Tables for
Volume H
Powder diffraction
Edited by C. J. Gilmore, J. A. Kaduk and H. Schenk

International Tables for Crystallography (2018). Vol. H, ch. 2.9, pp. 192-195

Section Reactions requiring specialist cells

W. van Beeka* and P. Pattisona,b

aSwiss–Norwegian Beamlines at ESRF, CS 40220, 38043 Grenoble CEDEX 9, France, and bLaboratory for Quantum Magnetism, Institute of Physics, Ecole Polytechnique Federale de Lausanne, CH-1015 Lausanne, Switzerland
Correspondence e-mail: Reactions requiring specialist cells

| top | pdf | Cells for electrochemistry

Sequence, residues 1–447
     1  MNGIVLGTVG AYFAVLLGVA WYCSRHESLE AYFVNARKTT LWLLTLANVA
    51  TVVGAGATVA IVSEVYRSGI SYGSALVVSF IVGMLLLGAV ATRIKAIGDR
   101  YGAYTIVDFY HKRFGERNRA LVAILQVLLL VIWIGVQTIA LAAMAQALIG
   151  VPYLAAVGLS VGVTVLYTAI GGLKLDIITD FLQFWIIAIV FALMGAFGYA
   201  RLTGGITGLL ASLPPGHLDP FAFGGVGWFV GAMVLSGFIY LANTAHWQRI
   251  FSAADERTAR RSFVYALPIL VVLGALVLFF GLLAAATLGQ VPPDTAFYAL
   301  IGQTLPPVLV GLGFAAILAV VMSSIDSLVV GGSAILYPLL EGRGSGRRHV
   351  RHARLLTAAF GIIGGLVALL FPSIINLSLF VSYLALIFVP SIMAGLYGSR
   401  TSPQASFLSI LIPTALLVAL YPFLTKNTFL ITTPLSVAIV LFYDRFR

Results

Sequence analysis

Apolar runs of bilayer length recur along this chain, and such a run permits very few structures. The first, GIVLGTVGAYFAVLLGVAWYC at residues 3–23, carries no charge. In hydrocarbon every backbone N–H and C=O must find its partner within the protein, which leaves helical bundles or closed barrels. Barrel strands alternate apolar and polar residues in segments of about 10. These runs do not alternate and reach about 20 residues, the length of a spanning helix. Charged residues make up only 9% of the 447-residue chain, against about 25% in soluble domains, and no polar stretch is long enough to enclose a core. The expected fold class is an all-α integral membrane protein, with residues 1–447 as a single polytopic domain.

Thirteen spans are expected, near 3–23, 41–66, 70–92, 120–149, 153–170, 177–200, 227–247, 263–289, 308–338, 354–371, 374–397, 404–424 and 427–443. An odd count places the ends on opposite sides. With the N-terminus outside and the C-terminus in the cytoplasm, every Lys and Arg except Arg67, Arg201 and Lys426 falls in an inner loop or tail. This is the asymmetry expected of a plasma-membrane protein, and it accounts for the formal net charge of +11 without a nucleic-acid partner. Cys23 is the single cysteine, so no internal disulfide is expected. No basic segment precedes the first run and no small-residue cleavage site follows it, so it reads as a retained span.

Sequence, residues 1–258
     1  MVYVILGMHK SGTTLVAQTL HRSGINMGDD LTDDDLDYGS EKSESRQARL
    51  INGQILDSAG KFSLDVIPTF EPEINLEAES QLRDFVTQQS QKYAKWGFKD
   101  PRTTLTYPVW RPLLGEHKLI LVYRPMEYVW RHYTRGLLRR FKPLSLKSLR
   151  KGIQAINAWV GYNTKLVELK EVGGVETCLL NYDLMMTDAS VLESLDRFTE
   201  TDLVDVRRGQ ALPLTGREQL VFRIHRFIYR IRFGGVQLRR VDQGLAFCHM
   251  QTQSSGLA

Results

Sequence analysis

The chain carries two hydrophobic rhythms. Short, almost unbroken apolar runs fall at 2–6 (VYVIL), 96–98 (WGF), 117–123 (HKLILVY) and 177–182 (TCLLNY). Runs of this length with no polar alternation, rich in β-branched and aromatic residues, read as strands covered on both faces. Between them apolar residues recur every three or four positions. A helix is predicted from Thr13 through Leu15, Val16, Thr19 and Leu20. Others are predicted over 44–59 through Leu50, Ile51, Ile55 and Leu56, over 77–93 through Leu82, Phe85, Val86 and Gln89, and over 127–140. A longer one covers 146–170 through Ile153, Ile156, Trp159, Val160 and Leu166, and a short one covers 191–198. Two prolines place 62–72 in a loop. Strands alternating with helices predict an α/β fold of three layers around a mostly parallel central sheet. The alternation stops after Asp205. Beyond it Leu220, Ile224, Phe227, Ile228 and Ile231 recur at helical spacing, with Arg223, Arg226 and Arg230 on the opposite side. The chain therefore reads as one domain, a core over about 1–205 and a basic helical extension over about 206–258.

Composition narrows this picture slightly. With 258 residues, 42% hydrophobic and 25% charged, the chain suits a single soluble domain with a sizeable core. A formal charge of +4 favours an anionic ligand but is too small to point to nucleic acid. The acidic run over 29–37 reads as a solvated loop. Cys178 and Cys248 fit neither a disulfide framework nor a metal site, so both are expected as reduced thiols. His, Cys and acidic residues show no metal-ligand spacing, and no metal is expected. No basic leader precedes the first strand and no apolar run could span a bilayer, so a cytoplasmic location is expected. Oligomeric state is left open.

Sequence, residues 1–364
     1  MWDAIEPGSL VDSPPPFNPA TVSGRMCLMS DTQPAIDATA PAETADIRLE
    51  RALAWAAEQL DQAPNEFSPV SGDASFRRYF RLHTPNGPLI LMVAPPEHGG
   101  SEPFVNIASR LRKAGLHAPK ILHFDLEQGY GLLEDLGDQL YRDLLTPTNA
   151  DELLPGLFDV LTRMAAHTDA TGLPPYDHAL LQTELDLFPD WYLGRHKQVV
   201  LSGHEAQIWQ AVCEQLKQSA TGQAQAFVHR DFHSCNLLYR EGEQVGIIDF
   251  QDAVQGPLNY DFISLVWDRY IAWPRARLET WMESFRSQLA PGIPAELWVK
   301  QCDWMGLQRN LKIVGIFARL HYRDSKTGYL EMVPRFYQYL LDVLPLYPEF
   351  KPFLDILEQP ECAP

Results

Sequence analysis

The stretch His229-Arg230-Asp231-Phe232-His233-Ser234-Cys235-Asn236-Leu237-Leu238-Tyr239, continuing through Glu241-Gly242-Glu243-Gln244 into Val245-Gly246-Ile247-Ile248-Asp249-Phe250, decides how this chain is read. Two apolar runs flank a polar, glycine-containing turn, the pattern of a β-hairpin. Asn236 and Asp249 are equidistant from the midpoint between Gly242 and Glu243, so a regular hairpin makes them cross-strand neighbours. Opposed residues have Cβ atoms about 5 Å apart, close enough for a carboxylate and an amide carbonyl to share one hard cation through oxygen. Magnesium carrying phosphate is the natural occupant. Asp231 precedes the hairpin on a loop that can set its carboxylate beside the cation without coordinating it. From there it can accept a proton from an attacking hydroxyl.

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With ever-increasing standards of living, the world is becoming more and more dependent on energy. As natural resources (coal, gas and petrol) are limited, there has been a large impetus towards developing alternative ways of producing and storing energy, while also taking into account environmental issues. Despite many decades of research and tremendous progress in this field, in situ diffraction was only adapted for electrochemical research in the 1990s. Nevertheless, this field now has the largest variety of cells. It is impossible to give a comprehensive overview of this complex subject here, and therefore the reader is referred to the articles by Brant et al. (2013[link]), De Marco & Veder (2010[link]) and Morcrette et al. (2002[link]), which describe how to design and reference most existing miniaturized in situ cells. The recent work by Johnsen & Norby (2013[link]), who have developed a capillary-based micro-battery cell, is not included in these reviews. The main advantage of this cell is that it allows diffraction data to be obtained from a single electrode. The recent work on electrochemical cells using conventional diffractometers (Shen et al., 2014[link]) and high-throughput cells for synchrotron applications (Herklotz et al., 2013[link], 2016[link]) is also relevant. When planning experiments on central facilities, not only appropriate cells but also dedicated ancillary equipment (e.g. a glove box) for cell loading owing to air sensitivity of the electrode material (e.g. lithium) are essential. In centralized facilities, this may lead to conflicts due to the incompatibility of liquid electrolytes with samples from other users, and dedicated electrochemistry glove boxes have started to appear. As an example of the use of an electrochemical cell, Morcrette et al. (2002[link]) managed to perform structural Rietveld refinement during delithiation of an LiCoO2 electrode. In order to obtain reliable intensities, five diffraction images at six different positions in the cell were averaged for each point in the charge cycle. Owing to the amount and quality of the data, six different structural phases could be determined, including lattice parameters, space group, atomic positions and R factors (see Fig. 2.9.5[link]). As the potentiostat or galvanostat is driving and measuring the performance of the battery, the structure–activity relationship is obtained automatically. This is a similar concept to the operando methodology in catalysis research that uses a mass spectrometer to measure activity.